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Dec 06, 2005 02:07 PM 5696 Views
(Updated Dec 06, 2005 02:07 PM)



When one talks of the scenes, settings, incidents and action of Huckleberry Finn – what essentially has to be discussed is the structural principles of the novel.

To my mind, the strength of Huck Finn lies in the structure – the manner in which so disparate experience, various episodes and events separated by time and space are shaped into an organic whole. And this unity and form are provided by the river. Small wonder then, that T.S. Eliot, in his famous and classic introduction to the novel remarked; “it is Huck who gives the book style. The river gives the book its form.”

The river was there in the beginning of the novel and the river is there in the end of the novel. The flight of Huck and Jim is through the river. Huck’s growth to maturity occurs on the raft. Even when Huck is away from the river, its invisible presence can be felt.

The progress of the novel is dependent upon Huck’s frequent ‘escapes’ from the raft to the shore; and his ‘re entry’ into the river. Thus it is the river with sets in motion, the chain of action and events. With river as the main setting, it sustains the action of the novel.

The river determines and controls the destiny not only of the two fugitives, but of the whole society on the shores. The aim of the novelist was to focus on the entire South-Western society sprawling over the entire length of the Mississippi river.It is the centre of all human activity – social, economic, and even criminal. We get a full view of the men, morals, manners of the people living on the town of the banks of the river. It is through the novel that we get to understand the frontier culture of the then America; and one can witness a nation in the making. The frontier (outer limits of settlement) meant ruthless fight against the unknown mysterious nature – the forests and mountainous soil; and the natives who had a different culture. The movement of the settlers was accompanied by the attendant violence and bloodshed. People lived violence, enjoyed cruelty, sensationalism, shootings, killings and lynching. Such a society produced persons like Colonel Sherburn, lunatic alcoholics like Boggs, hypocrites like the Grangerfords and Shepardsons, humbugs and frauds like the Duke and the Dauphin.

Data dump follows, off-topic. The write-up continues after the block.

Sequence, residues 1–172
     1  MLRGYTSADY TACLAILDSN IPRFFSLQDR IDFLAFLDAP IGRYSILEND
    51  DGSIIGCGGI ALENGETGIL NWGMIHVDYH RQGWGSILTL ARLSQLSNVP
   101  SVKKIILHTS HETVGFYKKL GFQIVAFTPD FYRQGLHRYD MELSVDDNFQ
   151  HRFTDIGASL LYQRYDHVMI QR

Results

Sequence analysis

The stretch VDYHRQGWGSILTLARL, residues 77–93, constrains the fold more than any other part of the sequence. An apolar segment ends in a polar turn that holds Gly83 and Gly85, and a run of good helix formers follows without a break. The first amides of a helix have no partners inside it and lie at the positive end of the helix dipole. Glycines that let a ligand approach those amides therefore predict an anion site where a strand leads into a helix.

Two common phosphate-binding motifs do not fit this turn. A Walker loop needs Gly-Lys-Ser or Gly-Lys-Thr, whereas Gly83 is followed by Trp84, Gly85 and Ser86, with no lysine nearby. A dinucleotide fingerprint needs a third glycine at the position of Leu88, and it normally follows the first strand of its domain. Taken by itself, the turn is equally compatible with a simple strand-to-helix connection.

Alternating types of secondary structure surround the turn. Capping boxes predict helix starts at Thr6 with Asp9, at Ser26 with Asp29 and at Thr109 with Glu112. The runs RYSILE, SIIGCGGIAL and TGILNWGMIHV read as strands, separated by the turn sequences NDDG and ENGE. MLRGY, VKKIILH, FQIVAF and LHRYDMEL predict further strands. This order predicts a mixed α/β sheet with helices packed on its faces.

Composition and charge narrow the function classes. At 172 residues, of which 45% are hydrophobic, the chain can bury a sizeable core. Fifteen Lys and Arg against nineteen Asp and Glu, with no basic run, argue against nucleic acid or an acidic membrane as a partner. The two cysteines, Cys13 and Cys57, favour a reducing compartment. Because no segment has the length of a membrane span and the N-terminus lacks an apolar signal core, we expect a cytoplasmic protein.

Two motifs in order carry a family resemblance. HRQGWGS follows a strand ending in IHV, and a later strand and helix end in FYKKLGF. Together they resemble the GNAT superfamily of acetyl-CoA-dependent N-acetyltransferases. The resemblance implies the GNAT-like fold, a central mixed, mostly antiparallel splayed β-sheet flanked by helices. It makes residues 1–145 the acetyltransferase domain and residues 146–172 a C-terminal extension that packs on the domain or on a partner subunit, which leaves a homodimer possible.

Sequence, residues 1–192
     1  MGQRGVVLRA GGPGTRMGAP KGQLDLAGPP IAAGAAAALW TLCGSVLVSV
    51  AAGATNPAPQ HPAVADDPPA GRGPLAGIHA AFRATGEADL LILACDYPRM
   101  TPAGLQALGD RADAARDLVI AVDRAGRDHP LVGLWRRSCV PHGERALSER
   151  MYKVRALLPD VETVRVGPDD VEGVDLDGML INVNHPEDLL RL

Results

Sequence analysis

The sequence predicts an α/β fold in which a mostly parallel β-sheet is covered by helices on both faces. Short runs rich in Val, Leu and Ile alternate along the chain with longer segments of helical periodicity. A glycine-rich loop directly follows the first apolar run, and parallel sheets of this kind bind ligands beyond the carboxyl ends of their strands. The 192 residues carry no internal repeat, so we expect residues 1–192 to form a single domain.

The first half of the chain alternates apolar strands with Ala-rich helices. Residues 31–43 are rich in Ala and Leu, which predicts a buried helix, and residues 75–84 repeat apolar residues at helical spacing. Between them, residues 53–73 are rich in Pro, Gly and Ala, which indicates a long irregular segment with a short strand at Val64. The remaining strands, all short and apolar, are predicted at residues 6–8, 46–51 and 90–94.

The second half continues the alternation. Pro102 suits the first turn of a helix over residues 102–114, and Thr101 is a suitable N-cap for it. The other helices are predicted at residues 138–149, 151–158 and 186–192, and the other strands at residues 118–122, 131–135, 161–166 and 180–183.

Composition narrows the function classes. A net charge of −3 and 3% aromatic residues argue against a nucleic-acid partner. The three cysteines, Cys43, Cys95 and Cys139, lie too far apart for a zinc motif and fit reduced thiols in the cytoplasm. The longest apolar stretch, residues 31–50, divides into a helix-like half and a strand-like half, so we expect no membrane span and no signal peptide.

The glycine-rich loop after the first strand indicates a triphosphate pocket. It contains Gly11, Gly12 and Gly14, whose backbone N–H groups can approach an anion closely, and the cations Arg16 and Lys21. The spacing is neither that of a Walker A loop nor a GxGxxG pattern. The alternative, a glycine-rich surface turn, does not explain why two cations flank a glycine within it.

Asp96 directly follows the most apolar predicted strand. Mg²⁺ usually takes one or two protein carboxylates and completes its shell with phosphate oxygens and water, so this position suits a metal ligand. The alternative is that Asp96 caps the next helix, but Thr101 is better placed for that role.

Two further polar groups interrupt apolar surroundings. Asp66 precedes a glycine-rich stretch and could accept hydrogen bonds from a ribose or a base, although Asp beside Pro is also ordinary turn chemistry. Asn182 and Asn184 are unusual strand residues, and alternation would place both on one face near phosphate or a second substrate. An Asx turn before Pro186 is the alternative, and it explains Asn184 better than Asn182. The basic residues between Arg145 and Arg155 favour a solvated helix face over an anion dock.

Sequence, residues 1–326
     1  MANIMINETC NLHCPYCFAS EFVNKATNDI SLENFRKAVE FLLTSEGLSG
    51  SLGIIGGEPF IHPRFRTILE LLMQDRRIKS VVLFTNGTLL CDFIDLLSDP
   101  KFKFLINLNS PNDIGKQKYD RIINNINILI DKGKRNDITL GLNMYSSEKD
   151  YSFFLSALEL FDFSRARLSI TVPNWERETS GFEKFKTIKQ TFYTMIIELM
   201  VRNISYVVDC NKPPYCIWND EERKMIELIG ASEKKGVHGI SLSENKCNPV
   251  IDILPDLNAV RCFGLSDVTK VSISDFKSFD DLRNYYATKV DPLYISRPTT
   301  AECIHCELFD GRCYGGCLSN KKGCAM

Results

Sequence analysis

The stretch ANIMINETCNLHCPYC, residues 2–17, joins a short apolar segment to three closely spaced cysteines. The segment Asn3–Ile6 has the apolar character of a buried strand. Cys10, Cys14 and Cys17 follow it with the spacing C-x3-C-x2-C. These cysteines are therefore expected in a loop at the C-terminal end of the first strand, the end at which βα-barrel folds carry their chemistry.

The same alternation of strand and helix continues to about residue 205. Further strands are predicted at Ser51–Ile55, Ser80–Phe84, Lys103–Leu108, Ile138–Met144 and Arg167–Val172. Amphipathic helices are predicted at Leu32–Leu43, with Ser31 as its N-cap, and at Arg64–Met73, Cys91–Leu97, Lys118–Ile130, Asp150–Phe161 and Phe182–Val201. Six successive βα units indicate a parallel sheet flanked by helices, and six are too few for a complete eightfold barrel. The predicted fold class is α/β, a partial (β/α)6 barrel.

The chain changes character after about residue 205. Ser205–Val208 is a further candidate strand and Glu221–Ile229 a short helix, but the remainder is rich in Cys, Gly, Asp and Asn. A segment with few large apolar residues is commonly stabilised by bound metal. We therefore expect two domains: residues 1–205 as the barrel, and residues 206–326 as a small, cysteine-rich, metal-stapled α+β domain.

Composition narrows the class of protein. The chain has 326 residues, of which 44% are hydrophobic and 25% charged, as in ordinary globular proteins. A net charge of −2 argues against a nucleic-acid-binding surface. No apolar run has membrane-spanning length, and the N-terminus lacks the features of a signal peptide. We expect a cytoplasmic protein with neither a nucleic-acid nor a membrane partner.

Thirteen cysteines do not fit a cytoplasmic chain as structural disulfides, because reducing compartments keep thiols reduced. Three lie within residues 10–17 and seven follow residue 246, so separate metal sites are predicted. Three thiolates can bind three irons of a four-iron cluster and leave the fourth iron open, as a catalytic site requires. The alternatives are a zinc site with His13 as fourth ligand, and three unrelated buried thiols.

The uniqueness of this great American novel lies in how the river becomes the main amphitheatre and how it witnesses interplays between the actual and the ideal. The values of the actual world (as we see on the shores and even on the river) is contrasted with the ideal world on the raft on which Huck and Jim move on being sustained by the river. The interplay has three layers – and each layer operates on a different theatre and finally all the theatres merged into one; the river. We have the South Western society (the actual world); and then we have the society on the raft (the ideal world) and finally the river which becomes a link between the two value worlds, though it remains inert and indifferent.

Though many critics have criticized Huckleberry Finn for its ‘loose structure’, the fact is that various incidents, settings and scenes are placed closely along the river like running slides that are moving from one to the other. They intensify rather than alter or change our experience. Huck becomes the central link in the entire action.

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Adventures Of Huckleberry Finn - Mark Twain